Invite the Muse

creativity creator inspiration mindset success Dec 19, 2023
Blog post: Invite the Muse

So here it is. You have cleared your mind and stilled the incessant, distracting chatter (as we discussed in last week’s blog post). Now you are staring at a blank page, or staff or canvas. Maybe you are sat at your piano or looking out at a landscape, waiting for inspiration. But waiting is so…passive. It’s time to invite the muse.

Did you know that there are specific Muses associated with specific modes of creation? According to Hellenistic classical mythology, Apollo, god of art, had nine daughters, each with a specific ability to inspire an artistic endeavor:

Calliope (epic poetry)
Clio (history)
Erato (love poetry)
Euterpe (music and song)
Melpomene (tragedy)
Polyhymnia (hymns and sacred poetry)
Terpsichore (dance)
Thalia (comedy)
Urania (astronomy - later “Christian poetry”

There you go. Now you can erect a temple to your favorite muse and conduct elaborate rituals to engender their favor and divine illumination.

Or you can understand the muse in the modern sense, as a source - and sense - of creative genius.

How to Recognize Your Muse

I suspect there are as many experiences of the muse as there are creators, so the best I can do is give some examples of the way inspiration comes to me.

When I teach songwriting I am frequently asked: “Where do you get your ideas from?” I gingerly sidestep the precariously dangling participle and explain that inspiration - for me - takes many forms.

Sometimes I hear part of a melody, seemingly “out of the blue.” I have heard complete pieces of music - melody, harmony and instrumentation intact - when I can get quiet enough, or in a dream. But my musical cues are normally just fragments. Regardless of length or completeness, they are the gift of the muse - of unconscious creation made conscious.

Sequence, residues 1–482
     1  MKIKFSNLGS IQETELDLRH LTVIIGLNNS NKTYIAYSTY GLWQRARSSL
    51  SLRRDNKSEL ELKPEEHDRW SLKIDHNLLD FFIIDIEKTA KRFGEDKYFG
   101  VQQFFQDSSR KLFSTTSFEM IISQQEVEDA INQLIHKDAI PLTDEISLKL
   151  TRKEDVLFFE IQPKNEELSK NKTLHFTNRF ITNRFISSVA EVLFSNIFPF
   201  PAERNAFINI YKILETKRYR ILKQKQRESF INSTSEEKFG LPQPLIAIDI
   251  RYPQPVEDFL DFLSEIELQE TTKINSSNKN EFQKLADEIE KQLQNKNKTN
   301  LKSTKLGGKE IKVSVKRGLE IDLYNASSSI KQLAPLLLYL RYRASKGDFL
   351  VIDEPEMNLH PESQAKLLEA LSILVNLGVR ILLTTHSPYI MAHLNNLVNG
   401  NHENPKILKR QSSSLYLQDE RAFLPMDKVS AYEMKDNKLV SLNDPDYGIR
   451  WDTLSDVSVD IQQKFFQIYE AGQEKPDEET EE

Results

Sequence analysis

A lyric phrase - a verbal fragment - can also be the first spark of inspiration. This is the best answer I have to, “Which comes first, the words or the music?” It depends. On occasion these gifts are quite poetic. Sometimes they are born of supremely pedantic sources: a street sign or graffiti on an urban wall.

Here is an example, so strikingly unbidden that it has remained in my memory for decades. I was driving a spectacularly unremarkable car down an equally uninspiring road when it happened. It was a car I inherited after my dad’s death:

This is the car my father drove
Eyes that can no longer see
Looked through this window
And thought of me

Now, What?

I treasure these moments of unexpected inspiration for two reasons. First, they are truly gifts. They come from who-knows-where and - as related above - can come at random moments. I wasn’t “feeling poetic,” or meditating on a breakthrough for writer’s block or trying to meet a creative deadline in the example I just gave. It. Just. Happened.

It is no wonder that this kind of serendipitous lightning strike was attributed to gods and their offspring. When it happens like this, unexpected and complete, it causes me to laugh out loud. What an exclamation point at the end of a long existential sentence! (Double entendre intentional.)

The second reason I so thoroughly enjoy these seemingly divine communiqués is that they are fecund with possibility. I didn’t understand this when they started, but now I see.